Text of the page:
- Drum support roller
- Rear drum bearings
- Blower fan
If you notice any squeaks from the back of your clothes dryer, one of the parts mentioned above could be the issue.
Top of the unit
There aren’t a lot of mechanical parts located at the top of the unit (above the drum). Some clothes dryers, especially older units, have the control panel located at the rear part of the top.
If you, by any chance, think the squeaky noises are coming from the top of your dryer, the drum and/or other parts may have dislocated themselves somehow.
This issue could be related to the drive belt as well, but this is most likely to produce sounds from the bottom of your dryer.
How to inspect a squeaky dryer
If you haven’t been able to identify where the squeaky noises originate from, there’s nothing else to do except taking the machine apart and inspect it yourself. Unless you want to call a professional, but if you’re comfortable doing it yourself you can save money.
For illustration purposes and what elements to look out for, this video is helpful:
Things you may need
- Putty knife
- Lubricant/grease suitable for a dryer
- Replacement parts and supplies
#1 Check the drum for movement
Reach inside the drum and try manipulating it by pressing down and up, as well as pushing it back and forth. There should only be very little movement in any direction. If you’re seeing significant movement up or down, back or forth, it could indicate that the drum support rollers, rear drum bearings, front gliders or the felt are worn out. These parts assist in holding the drum in place and securing it against unwanted friction. If any of these parts show signs of wear and tear, squeaking sounds are the first indicator.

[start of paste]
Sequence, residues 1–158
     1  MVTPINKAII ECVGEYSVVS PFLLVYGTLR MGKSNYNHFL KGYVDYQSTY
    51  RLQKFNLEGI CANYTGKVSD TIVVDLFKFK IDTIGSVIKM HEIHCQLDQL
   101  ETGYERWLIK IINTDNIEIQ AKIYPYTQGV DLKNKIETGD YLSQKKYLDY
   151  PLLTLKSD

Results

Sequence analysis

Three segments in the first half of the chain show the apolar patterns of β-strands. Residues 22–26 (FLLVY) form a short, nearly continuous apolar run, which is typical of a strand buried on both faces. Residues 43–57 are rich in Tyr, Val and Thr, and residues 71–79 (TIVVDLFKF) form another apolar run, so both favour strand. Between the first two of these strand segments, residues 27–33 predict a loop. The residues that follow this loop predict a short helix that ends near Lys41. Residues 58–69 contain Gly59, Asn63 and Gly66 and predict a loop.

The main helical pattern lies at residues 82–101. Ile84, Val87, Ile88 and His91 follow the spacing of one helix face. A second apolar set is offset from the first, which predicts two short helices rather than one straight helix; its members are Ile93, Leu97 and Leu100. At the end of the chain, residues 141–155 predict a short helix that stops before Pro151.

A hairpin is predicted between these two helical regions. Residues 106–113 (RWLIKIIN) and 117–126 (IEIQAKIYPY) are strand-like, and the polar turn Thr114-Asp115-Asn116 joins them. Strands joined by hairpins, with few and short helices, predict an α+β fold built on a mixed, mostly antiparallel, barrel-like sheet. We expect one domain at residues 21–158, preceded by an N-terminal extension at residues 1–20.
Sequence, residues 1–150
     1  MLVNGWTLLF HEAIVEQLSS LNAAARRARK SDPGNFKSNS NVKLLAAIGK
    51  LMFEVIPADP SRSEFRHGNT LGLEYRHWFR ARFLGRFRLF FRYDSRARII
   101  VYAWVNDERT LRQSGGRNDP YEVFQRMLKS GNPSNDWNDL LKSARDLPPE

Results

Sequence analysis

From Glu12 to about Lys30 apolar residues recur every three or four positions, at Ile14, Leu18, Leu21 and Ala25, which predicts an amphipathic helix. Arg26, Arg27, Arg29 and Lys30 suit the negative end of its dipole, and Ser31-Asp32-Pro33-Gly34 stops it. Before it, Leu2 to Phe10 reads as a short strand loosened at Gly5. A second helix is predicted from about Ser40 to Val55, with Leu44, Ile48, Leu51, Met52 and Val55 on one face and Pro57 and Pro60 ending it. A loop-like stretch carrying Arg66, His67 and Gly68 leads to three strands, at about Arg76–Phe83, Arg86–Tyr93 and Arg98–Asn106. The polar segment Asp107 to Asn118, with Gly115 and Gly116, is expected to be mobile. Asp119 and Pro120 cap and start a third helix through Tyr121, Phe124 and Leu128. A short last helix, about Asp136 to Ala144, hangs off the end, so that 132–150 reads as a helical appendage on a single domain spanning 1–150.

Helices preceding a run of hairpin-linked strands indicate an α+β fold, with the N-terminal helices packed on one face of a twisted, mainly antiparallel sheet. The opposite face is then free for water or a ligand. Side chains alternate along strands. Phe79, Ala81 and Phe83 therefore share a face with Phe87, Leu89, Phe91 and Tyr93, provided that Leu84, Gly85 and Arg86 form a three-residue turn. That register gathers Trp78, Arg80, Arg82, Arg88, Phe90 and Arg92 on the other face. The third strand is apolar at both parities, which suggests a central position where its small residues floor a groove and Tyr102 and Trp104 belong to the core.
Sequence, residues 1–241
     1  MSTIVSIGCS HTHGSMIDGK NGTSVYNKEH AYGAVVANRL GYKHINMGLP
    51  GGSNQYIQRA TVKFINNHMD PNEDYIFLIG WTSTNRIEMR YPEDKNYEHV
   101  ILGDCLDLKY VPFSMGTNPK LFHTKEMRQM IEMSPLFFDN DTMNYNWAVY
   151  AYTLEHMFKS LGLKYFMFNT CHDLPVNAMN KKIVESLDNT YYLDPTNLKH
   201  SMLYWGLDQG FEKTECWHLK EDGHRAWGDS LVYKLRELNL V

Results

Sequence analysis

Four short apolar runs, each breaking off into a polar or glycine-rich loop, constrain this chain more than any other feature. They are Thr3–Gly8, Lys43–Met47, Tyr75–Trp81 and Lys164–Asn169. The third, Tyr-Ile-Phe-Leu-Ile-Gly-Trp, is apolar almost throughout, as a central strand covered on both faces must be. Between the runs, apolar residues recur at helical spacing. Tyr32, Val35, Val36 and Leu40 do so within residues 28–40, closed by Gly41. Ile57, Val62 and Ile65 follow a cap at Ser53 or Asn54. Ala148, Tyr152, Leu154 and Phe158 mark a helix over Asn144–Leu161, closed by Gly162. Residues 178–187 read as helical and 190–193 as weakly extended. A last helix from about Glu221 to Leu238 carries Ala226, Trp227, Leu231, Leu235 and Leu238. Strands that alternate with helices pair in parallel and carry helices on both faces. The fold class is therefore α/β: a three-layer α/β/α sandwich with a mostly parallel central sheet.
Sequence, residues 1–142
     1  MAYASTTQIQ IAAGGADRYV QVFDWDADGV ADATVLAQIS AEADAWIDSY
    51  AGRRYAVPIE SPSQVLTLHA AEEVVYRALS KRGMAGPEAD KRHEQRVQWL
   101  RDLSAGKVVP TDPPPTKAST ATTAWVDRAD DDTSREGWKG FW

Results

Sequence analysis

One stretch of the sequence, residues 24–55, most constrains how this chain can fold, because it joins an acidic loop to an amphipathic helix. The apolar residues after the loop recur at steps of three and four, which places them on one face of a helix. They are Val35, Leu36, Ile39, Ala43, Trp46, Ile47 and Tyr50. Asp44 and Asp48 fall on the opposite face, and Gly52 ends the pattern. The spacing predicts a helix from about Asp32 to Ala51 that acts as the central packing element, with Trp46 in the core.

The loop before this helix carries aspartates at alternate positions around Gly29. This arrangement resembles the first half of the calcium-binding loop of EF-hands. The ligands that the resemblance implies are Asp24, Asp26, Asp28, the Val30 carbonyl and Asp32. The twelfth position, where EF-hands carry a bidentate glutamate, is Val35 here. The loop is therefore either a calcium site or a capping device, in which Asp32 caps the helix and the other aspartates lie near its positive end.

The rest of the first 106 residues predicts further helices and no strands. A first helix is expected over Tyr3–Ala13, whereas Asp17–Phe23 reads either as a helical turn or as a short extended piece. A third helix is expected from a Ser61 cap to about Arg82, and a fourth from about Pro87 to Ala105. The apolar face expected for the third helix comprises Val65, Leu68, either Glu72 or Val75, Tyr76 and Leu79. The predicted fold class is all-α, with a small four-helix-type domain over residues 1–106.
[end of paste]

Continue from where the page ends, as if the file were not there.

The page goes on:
#2 Slide the dryer out from the wall and unplug it
The first thing you want to do before taking the dryer apart, is to create a bit of work space around your dryer and unplug it from the outlet. You may also have to loosen screws at the back of the unit, which is why it’s a good idea to slide it out from the wall.
Carefully slide the dryer out from the wall, and consider placing the legs on soft cloths to prevent it from scratching your floor.
#3 Remove the top and front of your dryer
Removing the top of your dryer requires a putty knife or similar flat metal tool. Slip it in between the front panel and the top panel, and push the clips holding the top panel until they release. You may want to consult the user manual for this, as different dryers have different clips.
Once the top comes off, you’ll be able to remove the front panel as well. Once the front panel comes off, you will be able to inspect the mechanical parts and identify the source of the noise.
#4 Inspect felt seal or sliders
Your clothes dryer may use a felt seal or sliders. Inspect them to see if they’re worn out and need a replacement. They should appear intact with no bruises or irregularities.
Consider replacing them if you suspect they don’t work properly, but consult the manufacturer first if you’re in doubt.
#5 Inspect the drum support rollers
In order to do so, you may need to remove the drum. Drum support rollers are located at the back of the dryer, and they could be failing if they’re old and worn out.
Unhook the drum and pull it out first, and check if all drum support rollers are intact and move freely without feeling overly loose or wobbly. Consider adding lube and/or replacing them, if they’re worn out.
#6 Inspect rear shaft and mounting bearing